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      Native Mass Spectrometry: What is in the Name?


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          Electrospray ionization mass spectrometry (ESI-MS) is nowadays one of the cornerstones of biomolecular mass spectrometry and proteomics. Advances in sample preparation and mass analyzers have enabled researchers to extract much more information from biological samples than just the molecular weight. In particular, relevant for structural biology, noncovalent protein–protein and protein–ligand complexes can now also be analyzed by MS. For these types of analyses, assemblies need to be retained in their native quaternary state in the gas phase. This initial small niche of biomolecular mass spectrometry, nowadays often referred to as “native MS,” has come to maturation over the last two decades, with dozens of laboratories using it to study mostly protein assemblies, but also DNA and RNA-protein assemblies, with the goal to define structure–function relationships. In this perspective, we describe the origins of and (re)define the term native MS, portraying in detail what we meant by “native MS,” when the term was coined and also describing what it does (according to us) not entail. Additionally, we describe a few examples highlighting what native MS is, showing its successes to date while illustrating the wide scope this technology has in solving complex biological questions.

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          A generic protein purification method for protein complex characterization and proteome exploration.

          We have developed a generic procedure to purify proteins expressed at their natural level under native conditions using a novel tandem affinity purification (TAP) tag. The TAP tag allows the rapid purification of complexes from a relatively small number of cells without prior knowledge of the complex composition, activity, or function. Combined with mass spectrometry, the TAP strategy allows for the identification of proteins interacting with a given target protein. The TAP method has been tested in yeast but should be applicable to other cells or organisms.
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            Protein and polymer analyses up tom/z 100 000 by laser ionization time-of-flight mass spectrometry

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              Analytical properties of the nanoelectrospray ion source.

              The nanoelectrospray ion source (nanoES) has recently been developed and described theoretically. It is different from conventional electrospray sources and from other miniaturized electrospray sources by (i) its 1-2 microns spraying orifice achieved by pulling the spraying capillary to a fine tip, (ii) its very low flow rate of approximately 20 nL/min and the small size of droplets it generates, and (iii) the absence of solvent pumps and inlet valves. The fabrication and operation of nanoES needles is described in detail. Solutions with up to 0.1 M salt contents could be sprayed without sheath flow or pneumatic assist. Improved desolvation in nanoES led to instrument-limited resolution of the signals of a glycoprotein and the ability to signal average extensively allowed the C-terminal sequencing of a 40 kDa protein. Extensive mass spectrometric and tandem mass spectrometric investigation of the components of an unseparated peptide mixture was demonstrated by verification of 93% of the sequence of carbonic anhydrase. A rapid and robust desalting/concentration step coupled to the nanoES procedure allows the direct analysis of impure samples such as peptide mixtures extracted after in-gel digestion.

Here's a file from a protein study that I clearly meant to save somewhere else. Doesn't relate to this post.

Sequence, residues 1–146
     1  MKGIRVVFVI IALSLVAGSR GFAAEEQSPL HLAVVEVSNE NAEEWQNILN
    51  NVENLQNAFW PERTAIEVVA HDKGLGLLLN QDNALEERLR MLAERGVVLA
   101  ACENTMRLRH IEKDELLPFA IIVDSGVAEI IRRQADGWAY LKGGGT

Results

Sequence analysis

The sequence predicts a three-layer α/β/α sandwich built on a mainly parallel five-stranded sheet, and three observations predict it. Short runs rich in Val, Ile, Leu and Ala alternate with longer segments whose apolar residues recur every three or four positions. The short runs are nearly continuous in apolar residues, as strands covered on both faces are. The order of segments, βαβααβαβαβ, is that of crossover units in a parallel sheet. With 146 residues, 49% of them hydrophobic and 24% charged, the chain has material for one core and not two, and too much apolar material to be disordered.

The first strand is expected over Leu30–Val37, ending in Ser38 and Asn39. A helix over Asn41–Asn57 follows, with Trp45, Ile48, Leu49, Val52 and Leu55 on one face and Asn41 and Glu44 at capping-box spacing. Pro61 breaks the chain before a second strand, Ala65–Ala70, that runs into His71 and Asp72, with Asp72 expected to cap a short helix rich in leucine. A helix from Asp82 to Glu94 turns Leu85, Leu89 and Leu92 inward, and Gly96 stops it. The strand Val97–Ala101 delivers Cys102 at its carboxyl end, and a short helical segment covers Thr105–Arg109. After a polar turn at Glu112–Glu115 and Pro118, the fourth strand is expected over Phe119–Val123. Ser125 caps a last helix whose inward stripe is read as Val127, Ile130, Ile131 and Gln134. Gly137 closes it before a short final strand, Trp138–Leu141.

Author and article information

                J Am Soc Mass Spectrom
                J. Am. Soc. Mass Spectrom
                Journal of the American Society for Mass Spectrometry
                Springer US (New York )
                1 December 2016
                1 December 2016
                : 28
                : 1
                : 5-13
                [1 ]Biomolecular Mass Spectrometry and Proteomics, Bijvoet Center for Biomolecular Research and Utrecht Institute for Pharmaceutical Sciences, Utrecht University, Padualaan 8, 3584CH Utrecht, The Netherlands
                [2 ]Netherlands Proteomics Center, Padualaan 8, 3584CH Utrecht, The Netherlands
                © The Author(s) 2016

                Open Access This article is distributed under the terms of the Creative Commons Attribution 4.0 International License (http://creativecommons.org/licenses/by/4.0/), which permits unrestricted use, distribution, and reproduction in any medium, provided you give appropriate credit to the original author(s) and the source, provide a link to the Creative Commons license, and indicate if changes were made.

                : 18 October 2016
                : 25 October 2016
                : 28 October 2016
                Funded by: Utrecht University
                Focus: 31st Asilomar Conference, Native MS-based Structural Biology: Account & Perspective
                Custom metadata
                © American Society for Mass Spectrometry 2017

                Analytical chemistry
                electrospray ionization mass spectrometry (esi-ms),native mass spectrometry


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